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BW Businessworld

When 'She' Basked In The Limelight

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The consumer is not a moron. She is your wife,” David Ogilvy famously told marketers. Yet, marketers have consistently missed the point and often alienated women consumers.

So how does one influence this key constituency? BW | Businessworld’s panel discussion — The $150-billion 'She' Economy: Marketing To Women — tried to find some answers. The discussion was the highlight of the launch of the BW | Businessworld Marketing Whitebook 2013-14.

The ninth edition of the book, an essential handbook for marketers, attempts to decode India’s diversity from the perspective of various consumer groups.

The event kicked off with an address by Prosenjit Datta, editor of BW | Businessworld. He began with a Dickensian remark. “There has never been a better time to be a marketer, and there has never been a worse time to be one.” He talked about the new forces in the market that have changed it beyond recognition — be it the rise of organised retail, the maturing of online retail or the social media revolution.

Taking centrestage shortly thereafter were panellists Abheek Singhi, partner and director of BCG India; Neeraj Gupta, director (technology, telecom and consumer-packaged goods), Google India; Anuja Chauhan, well-known author and advertising professional; Dinesh Dayal, COO, L’Oreal; and social commentator and MD & CEO of Future Brands India Santosh Desai.

Ambika Srivastava, chairperson, Zenith Optimedia, moderated the discussion which started out with Singhi giving an interesting spin to the term 'she economy'. He noted that there is no one woman consumer, so it should be called 'shes economy'. “There is an increased participation of women in the workforce and this is influencing their spending behaviour,” Singhi said.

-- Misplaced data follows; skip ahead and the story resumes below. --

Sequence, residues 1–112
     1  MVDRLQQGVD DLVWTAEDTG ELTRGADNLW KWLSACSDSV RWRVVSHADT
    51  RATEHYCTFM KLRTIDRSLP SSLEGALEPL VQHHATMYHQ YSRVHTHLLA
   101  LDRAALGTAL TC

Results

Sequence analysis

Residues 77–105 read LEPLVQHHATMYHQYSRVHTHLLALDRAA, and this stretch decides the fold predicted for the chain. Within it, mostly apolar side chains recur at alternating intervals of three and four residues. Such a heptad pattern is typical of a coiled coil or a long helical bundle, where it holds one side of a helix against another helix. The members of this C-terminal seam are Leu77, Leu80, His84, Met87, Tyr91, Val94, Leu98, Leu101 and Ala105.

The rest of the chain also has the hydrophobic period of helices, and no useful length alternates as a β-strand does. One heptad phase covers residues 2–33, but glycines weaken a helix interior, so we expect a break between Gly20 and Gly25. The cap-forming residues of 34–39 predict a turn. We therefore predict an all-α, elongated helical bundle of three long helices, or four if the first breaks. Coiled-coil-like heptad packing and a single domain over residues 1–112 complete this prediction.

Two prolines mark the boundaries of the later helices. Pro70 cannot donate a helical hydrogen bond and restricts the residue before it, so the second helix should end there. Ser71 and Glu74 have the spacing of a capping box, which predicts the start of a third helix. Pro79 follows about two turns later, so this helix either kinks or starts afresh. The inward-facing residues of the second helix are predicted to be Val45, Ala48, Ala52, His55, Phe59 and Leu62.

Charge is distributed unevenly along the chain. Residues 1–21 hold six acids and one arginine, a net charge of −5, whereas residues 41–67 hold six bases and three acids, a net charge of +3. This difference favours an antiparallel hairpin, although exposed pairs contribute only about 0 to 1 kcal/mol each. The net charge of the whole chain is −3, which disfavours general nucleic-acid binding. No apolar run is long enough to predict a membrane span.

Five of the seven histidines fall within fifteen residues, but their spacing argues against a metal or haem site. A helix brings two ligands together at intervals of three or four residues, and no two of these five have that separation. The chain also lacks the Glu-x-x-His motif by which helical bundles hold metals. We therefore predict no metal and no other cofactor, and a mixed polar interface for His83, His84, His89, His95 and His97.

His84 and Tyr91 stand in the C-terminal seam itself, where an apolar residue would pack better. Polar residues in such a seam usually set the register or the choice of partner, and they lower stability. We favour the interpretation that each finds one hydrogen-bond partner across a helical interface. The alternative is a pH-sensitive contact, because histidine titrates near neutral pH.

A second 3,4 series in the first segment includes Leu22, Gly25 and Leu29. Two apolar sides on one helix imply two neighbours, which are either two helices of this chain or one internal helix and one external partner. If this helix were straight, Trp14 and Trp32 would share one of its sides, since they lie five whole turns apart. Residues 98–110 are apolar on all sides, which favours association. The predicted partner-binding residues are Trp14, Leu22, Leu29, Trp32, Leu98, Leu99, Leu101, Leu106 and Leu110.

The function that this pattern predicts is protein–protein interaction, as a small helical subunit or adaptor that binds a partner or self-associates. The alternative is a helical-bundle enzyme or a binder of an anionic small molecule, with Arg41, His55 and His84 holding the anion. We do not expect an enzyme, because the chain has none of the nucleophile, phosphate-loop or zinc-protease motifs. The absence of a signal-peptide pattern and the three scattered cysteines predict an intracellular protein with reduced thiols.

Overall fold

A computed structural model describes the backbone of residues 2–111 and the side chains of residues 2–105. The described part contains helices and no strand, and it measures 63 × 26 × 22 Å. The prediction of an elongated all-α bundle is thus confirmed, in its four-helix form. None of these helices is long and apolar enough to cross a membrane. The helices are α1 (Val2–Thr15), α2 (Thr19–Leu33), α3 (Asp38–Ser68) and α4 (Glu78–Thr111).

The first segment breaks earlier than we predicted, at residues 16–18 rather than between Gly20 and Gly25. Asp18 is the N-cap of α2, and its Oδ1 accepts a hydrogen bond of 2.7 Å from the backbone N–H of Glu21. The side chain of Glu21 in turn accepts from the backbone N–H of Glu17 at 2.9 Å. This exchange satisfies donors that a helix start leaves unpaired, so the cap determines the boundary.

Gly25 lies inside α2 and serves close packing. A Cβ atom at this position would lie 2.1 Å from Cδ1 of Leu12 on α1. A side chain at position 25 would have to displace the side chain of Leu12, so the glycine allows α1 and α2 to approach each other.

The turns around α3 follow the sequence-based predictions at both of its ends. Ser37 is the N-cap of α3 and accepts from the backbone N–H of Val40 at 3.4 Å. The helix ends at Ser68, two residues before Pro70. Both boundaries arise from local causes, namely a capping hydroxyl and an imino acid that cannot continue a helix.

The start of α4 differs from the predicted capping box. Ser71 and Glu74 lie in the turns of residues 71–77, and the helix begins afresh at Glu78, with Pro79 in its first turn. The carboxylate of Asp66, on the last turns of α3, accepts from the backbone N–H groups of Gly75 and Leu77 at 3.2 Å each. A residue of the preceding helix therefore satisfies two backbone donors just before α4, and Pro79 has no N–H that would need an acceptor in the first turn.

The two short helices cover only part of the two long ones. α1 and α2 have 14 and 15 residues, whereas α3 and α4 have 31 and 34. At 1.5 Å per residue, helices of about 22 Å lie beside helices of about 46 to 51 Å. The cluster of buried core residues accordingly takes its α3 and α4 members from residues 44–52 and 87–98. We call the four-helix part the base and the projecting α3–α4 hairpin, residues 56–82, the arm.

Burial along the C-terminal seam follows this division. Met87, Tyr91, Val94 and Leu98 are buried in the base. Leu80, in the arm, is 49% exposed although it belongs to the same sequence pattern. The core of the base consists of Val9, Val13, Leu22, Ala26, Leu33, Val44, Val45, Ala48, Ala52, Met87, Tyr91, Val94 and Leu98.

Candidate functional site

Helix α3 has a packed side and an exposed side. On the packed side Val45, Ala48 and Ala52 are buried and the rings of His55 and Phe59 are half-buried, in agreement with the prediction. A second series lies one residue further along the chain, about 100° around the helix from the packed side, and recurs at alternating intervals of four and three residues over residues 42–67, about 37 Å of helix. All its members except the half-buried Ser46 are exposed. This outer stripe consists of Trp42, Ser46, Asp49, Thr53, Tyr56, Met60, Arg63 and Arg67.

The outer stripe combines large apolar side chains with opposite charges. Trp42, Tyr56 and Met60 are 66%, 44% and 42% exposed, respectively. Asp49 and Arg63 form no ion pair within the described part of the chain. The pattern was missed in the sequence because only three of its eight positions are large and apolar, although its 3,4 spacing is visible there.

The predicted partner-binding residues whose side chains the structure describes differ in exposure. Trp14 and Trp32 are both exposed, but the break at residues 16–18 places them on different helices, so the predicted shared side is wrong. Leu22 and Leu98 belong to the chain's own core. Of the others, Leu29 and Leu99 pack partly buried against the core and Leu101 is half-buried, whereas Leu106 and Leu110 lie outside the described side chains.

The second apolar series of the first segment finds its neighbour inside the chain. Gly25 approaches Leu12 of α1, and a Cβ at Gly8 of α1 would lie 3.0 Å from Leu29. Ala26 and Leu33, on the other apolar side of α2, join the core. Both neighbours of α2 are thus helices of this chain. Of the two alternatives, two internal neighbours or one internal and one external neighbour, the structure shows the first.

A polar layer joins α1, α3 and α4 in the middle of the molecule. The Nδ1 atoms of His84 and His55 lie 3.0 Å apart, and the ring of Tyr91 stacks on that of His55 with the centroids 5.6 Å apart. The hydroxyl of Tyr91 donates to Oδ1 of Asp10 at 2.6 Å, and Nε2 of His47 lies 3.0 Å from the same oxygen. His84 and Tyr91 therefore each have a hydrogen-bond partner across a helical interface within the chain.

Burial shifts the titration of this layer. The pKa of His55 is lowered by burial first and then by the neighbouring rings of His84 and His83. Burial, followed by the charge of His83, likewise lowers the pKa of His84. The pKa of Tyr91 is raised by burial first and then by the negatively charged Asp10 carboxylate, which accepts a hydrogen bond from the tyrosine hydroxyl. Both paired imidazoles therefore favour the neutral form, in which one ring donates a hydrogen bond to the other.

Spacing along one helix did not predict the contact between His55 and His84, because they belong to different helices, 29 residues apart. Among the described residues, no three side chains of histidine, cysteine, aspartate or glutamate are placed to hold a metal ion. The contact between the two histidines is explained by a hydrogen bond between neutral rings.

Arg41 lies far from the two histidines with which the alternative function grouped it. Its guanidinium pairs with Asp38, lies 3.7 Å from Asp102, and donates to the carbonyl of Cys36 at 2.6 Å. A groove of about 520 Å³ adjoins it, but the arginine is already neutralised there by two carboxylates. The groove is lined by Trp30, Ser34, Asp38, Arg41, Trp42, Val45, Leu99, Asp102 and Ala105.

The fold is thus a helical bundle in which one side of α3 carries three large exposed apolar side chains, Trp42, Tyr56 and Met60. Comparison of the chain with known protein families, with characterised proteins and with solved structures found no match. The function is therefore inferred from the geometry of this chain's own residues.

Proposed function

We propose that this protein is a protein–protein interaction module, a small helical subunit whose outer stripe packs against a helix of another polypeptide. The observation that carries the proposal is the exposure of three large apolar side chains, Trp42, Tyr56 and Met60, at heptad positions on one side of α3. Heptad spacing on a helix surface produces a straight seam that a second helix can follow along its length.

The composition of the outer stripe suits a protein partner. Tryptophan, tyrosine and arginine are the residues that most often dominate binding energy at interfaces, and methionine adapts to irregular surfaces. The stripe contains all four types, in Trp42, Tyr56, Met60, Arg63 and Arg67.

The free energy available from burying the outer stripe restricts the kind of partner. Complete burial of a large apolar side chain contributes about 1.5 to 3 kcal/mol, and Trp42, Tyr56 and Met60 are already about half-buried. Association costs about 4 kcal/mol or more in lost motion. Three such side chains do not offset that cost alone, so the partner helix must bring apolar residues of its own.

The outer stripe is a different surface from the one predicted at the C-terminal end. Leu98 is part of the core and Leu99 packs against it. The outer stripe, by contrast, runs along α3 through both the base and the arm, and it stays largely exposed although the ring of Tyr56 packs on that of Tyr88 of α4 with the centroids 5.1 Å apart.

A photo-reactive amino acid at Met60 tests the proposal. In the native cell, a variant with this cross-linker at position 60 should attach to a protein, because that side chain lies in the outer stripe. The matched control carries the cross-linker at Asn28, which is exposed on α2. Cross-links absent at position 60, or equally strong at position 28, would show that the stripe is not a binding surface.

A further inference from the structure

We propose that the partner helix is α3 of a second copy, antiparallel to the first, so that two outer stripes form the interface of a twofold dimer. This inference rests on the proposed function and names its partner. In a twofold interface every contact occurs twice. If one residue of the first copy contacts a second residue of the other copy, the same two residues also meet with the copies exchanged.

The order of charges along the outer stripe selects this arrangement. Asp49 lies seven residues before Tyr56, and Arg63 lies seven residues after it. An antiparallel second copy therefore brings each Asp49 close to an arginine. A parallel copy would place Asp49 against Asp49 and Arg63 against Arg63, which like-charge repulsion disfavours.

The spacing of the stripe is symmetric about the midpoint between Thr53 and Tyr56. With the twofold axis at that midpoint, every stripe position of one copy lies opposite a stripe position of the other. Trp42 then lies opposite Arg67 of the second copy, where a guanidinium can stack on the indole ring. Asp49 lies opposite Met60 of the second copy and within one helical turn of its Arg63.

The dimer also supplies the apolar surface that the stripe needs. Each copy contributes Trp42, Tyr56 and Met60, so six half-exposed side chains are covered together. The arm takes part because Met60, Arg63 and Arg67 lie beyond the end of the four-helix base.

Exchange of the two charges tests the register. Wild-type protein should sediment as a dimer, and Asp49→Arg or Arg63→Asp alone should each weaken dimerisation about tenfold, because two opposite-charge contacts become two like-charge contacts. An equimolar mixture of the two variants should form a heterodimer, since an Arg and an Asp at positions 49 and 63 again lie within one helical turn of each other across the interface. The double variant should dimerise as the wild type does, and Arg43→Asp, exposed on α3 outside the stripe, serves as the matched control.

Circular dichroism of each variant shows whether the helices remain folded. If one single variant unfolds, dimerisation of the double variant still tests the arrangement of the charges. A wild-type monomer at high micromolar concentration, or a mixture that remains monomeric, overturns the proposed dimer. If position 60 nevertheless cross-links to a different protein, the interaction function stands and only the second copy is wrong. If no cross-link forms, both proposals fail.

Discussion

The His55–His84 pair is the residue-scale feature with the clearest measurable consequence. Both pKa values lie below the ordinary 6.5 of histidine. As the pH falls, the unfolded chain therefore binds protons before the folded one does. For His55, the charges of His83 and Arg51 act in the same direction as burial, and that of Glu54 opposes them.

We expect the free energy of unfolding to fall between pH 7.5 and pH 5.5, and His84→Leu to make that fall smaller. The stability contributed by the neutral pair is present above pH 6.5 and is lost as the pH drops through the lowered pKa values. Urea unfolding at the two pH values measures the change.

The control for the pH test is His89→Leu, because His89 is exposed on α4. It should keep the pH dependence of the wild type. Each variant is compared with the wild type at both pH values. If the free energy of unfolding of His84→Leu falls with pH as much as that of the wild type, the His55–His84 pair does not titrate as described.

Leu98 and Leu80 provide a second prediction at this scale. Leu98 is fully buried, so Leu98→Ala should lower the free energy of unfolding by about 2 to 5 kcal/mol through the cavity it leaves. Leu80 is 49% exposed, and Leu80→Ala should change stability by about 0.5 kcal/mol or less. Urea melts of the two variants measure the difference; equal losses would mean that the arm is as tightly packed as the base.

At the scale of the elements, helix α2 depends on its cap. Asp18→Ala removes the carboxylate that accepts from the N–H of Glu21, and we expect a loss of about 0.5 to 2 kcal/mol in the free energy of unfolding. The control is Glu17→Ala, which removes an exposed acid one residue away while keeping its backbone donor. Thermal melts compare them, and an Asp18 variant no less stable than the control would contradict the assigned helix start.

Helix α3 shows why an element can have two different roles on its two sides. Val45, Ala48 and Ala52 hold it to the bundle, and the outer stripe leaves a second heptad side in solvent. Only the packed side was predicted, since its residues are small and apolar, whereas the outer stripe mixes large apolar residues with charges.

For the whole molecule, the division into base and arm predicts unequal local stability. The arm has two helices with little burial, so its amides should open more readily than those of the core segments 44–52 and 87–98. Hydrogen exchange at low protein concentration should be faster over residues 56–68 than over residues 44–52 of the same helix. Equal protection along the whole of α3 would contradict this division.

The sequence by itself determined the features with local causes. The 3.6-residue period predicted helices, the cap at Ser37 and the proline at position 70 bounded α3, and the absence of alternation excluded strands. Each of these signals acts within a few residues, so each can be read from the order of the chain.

In India, he said, a reported 44 per cent of the spending is influenced by women. The ebullient Anuja Chauhan begged to differ, saying that women influenced much more of the household spending than the figures suggested. “The woman has a say on pretty much everything. She may not be influencing it directly, but she’s influencing it indirectly,” said Chauhan, who came down hard on the stereotypical depiction of women in ads.

Santosh Desai highlighted the changing consciousness of women in today’s world. “Women are increasingly making huge investments in themselves, their bodies and their skills to prepare themselves,” he said.

Dayal narrated the story behind the revolutionary L’Oreal tag line —“I’m worth it”. He said blending the traditional with the modern in products helps in connecting with Indian women.

Neeraj Gupta highlighted the role of the mobile phone in giving Indian women a sense of personal space. “The mobile is like her personal assistant. It becomes an expression of individualism, independence and empowerment.”

At the end of the engaging discussion, the panel unveiled the Marketing Whitebook 2013-14. Seagram’s Blenders Pride was the event’s presenting sponsor; NDTV Profit and ABP News were television partners.

(This story was published in BW | Businessworld Issue Dated 06-05-2013)